An independent organization called "The Document Foundation" has been formed by volunteers from the community developing and promoting OpenOffice.org to drive further growth of the free, open source office suite. A press release issued by the newly formed group states that Oracle, who acquired OpenOffice.org assets as a result of its acquisition of Sun Microsystems, has been invited to become a member of the new Foundation, and donate the brand OpenOffice.org. In the meantime, the brand "LibreOffice" has been chosen for the software.
The Document Foundation is the result of a collective effort by leading independent members of the former OpenOffice.org community, including several project leads and key members of the Community Council. Current members leading the creation of the Document Foundation are accessible on the group's Web site. The expectation is for the Foundation to coordinate and oversee the development of LibreOffice, which is available in beta version at the placeholder site: http://www.libreoffice.org.
The aim of the Foundation is to lower the barrier to adoption for both users and developers and make LibreOffice a truly accessible office suite. The stated mission: "is to facilitate the evolution of the OpenOffice.org Community into a new open, independent, and meritocratic organizational structure within the next few months. An independent Foundation is a better match to the values of our contributors, users, and supporters, and will enable a more effective, efficient, transparent, and inclusive Community. We will protect past investments by building on the solid achievements of our first decade, encourage wide participation in the Community, and co-ordinate activity across the Community."
Described as an independent self-governing meritocratic Foundation, the group relates it was created in the belief that the culture born of an independent Foundation brings out the best in contributors and will deliver the best software for users.
"We believe that the Foundation is a key step for the evolution of the free office suite, as it liberates the development of the code and the evolution of the project from the constraints represented by the commercial interests of a single company," commented Sophie Gautier, an OpenOffice.org community veteran and the former maintainer of the French speaking language project, who was deemed speaker for the group of OpenOffice.org volunteers spearheading the project.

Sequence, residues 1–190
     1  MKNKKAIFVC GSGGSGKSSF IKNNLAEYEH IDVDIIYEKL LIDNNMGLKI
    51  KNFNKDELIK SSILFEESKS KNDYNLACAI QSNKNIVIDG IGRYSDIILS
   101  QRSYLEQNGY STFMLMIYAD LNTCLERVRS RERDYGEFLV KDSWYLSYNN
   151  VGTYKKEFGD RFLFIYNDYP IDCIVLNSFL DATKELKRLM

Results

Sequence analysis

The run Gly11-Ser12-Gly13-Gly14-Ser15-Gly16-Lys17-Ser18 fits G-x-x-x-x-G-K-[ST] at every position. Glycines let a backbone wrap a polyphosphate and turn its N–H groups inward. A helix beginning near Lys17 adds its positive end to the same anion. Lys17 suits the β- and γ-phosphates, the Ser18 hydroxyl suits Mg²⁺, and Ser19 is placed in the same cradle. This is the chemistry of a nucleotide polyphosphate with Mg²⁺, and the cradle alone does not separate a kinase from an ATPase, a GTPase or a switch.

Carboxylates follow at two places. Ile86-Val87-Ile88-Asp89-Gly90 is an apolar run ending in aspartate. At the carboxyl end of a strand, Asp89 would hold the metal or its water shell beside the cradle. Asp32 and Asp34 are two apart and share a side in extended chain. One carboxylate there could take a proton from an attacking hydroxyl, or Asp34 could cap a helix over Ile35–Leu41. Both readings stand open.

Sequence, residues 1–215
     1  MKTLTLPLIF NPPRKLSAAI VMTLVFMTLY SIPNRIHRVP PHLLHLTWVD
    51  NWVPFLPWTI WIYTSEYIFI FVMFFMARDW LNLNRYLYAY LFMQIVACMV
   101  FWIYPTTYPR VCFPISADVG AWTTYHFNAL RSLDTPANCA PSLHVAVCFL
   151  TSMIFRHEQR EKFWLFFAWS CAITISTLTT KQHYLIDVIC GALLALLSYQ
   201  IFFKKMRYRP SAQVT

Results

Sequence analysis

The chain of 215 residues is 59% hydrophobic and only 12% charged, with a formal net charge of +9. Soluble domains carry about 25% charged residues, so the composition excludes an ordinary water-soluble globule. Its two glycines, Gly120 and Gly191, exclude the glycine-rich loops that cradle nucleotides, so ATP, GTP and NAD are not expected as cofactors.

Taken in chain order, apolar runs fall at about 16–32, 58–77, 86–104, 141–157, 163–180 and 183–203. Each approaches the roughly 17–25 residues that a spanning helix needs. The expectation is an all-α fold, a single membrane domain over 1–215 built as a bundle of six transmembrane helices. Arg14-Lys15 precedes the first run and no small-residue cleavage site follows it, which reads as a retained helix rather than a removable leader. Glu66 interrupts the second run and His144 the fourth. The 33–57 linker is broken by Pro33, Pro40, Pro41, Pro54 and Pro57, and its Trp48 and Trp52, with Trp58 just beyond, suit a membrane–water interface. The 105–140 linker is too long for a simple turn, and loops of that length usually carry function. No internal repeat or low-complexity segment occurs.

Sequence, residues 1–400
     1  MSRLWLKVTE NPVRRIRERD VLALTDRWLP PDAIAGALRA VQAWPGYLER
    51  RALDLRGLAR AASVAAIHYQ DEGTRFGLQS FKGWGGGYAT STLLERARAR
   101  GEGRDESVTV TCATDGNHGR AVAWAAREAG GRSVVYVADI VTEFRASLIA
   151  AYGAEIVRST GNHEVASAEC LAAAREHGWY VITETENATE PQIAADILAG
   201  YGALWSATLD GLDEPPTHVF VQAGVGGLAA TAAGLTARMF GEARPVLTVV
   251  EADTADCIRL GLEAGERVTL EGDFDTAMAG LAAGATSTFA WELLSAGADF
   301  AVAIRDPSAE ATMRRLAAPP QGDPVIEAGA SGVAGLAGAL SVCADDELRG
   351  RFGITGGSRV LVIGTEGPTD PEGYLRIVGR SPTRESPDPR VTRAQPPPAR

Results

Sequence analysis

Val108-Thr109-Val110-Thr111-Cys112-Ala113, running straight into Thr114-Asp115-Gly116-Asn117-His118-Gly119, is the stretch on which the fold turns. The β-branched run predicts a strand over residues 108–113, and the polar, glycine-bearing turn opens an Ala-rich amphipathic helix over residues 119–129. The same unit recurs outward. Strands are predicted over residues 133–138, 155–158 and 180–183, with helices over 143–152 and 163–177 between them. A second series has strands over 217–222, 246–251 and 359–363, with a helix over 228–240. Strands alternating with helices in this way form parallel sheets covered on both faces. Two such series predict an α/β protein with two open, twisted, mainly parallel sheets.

Open to any individual who agrees with the Foundation's core values and contributes to its activities, developers are invited to join the project and contribute to the code in what is termed "the new friendly and open environment, to shape the future of office productivity suites alongside contributors who translate, test, document, support, and promote the software."
Simon Phipps, former Sun Microsystems chief open-source officer and now director of the Open Source Initiative, said there seems to be a trend toward open collaborative communities for open source software, and he embraced the Foundation's move. "We welcome The Document Foundation initiative and look forward to the innovation it is able to drive with a truly open community gathered around a free software commons, in the spirit of the best of open source software," he said.
The Open Document Format is supported by the organization, which has a stated interested in working with OASIS to bring about the next evolution of the ISO standard, noted Charles Schulz, member of the Community Council and lead of the Native Language Confederation. "The Document Foundation brings to the table the point of view of developers, supporters and users," Schulz said, "and this might accelerate the adoption process of ODF at government and enterprise level."
The Document Foundation
OpenOffice.org Community announces The Document Foundation - press release
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